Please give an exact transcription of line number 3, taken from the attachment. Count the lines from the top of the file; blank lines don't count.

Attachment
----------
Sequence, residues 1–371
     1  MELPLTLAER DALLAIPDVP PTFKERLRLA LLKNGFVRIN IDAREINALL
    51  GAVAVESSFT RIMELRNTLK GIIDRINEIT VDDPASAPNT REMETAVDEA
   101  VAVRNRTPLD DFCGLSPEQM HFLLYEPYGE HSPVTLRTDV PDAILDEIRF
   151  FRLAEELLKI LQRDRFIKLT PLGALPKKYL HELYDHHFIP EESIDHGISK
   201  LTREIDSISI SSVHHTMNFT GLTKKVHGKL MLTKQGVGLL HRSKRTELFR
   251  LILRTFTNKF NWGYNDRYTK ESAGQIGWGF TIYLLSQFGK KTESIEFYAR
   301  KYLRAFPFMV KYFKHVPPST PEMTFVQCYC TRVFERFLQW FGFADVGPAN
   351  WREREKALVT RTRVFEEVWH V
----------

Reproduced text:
    51  GAVAVESSFT RIMELRNTLK GIIDRINEIT VDDPASAPNT REMETAVDEA